Third:  Deb Walker at Slava Bogu   I've read Deb's blog for a long time, and am always impressed by her sweet and understanding spirit, and her amazing love.  I could never do what she does. She works full-time, at a job which requires travel, and raises a family of four.  Deb writes a wonderful blog, but never goes out seeking readers.  She should have more!

Fourth:  Christie at Our Family Blog  Such a wealth of inspiration, and ideas and sweet stories from this family of four girls.  I love Christie's blog for a lot of reasons, but partly because she is on her "second family", too.  Versatile, because on this blog we get recipes, adoption-related thoughts, homeschooling tips and a lot more.

Fifth:  Rachael at Five is the New Four  Rachael gets a dispensation (if she wants one) on the "requirements" for receiving the reward.  At this very moment she is in Ukraine adopting her new teenage son.  At home she is a mother of four other children, one from Russia, an obstetrician (wow!) another marvelous  cook and decorator, plus she is so warm-hearted and charming. And a good writer!  Her blog is terrific.

So many other bloggers I'd like to mention, whose blogs I adore, but this time I focused on versatile; I guess that's the point!

Now for Seven Things about me you might not know.  I've done this a few times, but suppose most of you haven't read it....nevertheless, I'm trying to put in new ones.

1.  From the time I can remember, I felt so strongly that I was born in the wrong century.  Everything in me gravitated to things a hundred years older, to the point where I began to even have some ideas that I was somehow "placed" in the wrong century.   I would probably still feel this way except for the following miracle:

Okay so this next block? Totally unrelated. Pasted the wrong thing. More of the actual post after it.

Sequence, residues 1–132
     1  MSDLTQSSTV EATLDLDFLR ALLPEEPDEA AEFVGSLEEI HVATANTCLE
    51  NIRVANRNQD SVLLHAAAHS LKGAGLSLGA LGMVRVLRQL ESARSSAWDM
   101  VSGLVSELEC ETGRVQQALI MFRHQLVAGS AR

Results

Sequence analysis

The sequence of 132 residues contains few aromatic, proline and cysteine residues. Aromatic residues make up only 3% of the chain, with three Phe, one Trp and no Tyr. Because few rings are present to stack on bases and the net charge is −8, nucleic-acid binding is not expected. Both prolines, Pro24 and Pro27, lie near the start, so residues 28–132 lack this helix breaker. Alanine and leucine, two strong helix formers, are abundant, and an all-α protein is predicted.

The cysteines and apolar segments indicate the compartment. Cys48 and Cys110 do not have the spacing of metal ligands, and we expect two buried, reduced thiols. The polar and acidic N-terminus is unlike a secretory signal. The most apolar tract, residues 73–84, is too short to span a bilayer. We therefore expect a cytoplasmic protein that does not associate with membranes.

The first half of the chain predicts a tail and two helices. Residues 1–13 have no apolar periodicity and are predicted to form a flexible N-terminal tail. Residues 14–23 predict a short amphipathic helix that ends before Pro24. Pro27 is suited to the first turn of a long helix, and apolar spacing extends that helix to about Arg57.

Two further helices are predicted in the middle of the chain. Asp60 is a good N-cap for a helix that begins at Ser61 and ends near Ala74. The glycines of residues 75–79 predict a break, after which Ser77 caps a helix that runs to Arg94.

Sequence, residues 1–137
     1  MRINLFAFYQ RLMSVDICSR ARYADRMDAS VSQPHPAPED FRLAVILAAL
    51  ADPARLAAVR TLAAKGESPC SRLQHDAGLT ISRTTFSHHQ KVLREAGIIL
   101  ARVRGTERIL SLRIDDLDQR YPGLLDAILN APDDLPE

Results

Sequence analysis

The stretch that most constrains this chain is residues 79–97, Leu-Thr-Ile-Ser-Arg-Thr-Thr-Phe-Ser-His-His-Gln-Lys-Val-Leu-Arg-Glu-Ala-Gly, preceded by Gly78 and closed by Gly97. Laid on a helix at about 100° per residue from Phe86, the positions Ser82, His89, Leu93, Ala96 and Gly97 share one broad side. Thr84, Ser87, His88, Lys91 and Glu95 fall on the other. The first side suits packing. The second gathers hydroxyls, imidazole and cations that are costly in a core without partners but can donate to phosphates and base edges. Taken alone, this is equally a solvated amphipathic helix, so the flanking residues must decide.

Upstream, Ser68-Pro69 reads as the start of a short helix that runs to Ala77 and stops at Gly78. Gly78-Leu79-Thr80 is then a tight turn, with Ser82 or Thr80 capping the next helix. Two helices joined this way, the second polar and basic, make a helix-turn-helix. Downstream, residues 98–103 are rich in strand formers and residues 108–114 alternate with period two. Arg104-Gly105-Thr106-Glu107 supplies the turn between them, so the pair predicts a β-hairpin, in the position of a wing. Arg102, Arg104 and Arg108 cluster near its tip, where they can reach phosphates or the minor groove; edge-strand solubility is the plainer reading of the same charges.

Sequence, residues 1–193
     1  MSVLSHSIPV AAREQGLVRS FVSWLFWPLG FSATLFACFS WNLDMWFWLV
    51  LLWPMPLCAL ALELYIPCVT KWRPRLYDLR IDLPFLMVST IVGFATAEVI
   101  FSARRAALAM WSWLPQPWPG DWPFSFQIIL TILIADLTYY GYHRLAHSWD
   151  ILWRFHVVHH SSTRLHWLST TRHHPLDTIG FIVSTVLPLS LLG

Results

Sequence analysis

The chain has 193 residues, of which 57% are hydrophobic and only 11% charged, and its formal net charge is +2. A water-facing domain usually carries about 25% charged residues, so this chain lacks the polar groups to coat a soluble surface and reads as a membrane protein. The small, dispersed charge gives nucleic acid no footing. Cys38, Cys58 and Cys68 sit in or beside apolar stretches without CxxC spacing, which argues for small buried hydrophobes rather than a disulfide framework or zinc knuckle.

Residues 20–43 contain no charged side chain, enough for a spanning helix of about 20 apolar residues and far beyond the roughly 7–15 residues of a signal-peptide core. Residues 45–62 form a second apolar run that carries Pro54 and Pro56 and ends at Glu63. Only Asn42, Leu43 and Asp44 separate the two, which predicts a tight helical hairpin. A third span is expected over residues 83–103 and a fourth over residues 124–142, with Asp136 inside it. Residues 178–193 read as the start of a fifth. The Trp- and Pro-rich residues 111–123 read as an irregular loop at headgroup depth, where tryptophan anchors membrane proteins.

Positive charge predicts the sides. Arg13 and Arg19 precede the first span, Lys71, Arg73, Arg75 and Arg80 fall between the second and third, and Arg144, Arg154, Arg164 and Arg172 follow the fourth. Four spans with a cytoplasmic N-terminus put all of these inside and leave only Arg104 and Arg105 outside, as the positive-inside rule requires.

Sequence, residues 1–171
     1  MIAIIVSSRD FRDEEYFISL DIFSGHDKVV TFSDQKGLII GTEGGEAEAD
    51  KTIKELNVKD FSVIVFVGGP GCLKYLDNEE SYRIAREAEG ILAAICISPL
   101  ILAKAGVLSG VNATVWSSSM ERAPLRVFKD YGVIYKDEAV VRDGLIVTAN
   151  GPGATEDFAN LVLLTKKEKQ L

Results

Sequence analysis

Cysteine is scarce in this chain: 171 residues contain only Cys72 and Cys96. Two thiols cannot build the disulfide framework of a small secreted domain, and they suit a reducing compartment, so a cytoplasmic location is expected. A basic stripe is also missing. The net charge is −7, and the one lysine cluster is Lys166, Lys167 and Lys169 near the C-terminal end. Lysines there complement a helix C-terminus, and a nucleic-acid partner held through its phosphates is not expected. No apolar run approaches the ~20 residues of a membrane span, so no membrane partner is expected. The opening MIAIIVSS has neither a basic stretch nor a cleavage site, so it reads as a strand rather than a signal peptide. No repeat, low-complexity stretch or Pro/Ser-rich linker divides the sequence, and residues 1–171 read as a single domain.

2. Our firstborn, Aidan, was born at 27 weeks, and also with a condition called hydrops fetalis, which is often fatal - especially in boys.  Especially 27 years ago!  If it hadn't been for modern technology - he wouldn't be here, and I probably wouldn't either.  So, for a few years every time that longing "oh, I wish I were back in.....", I'd have to immediately realize that if it were that long ago time, I'd be in big trouble.  Thus that lifelong yearning, for the most part, went dormant.

3. I have lived in an old brothel (The Silver Bell, in Telluride, Colorado), in an old Brew house (also in Telluride), in the HOT L Moscow, in Moscow, Idaho, in an old TB Hospital in Gooding, Idaho, in a Jewish Fraternity in Boulder, Colorado, in a cottage in Chautauqua Park in Boulder, in the janitor's closet of an old apartment building on Capitol Hill in Seattle,Washington, in a facility for the homeless in Oakland, CA, and in a studio apartment in NYC.....among other unique places.  The worst of these was the dreadful place for the homeless; the best was - oh! - hard to say!  The Chautauqua cottage was lovely, but for uniqueness nothing could beat the Silver Bell.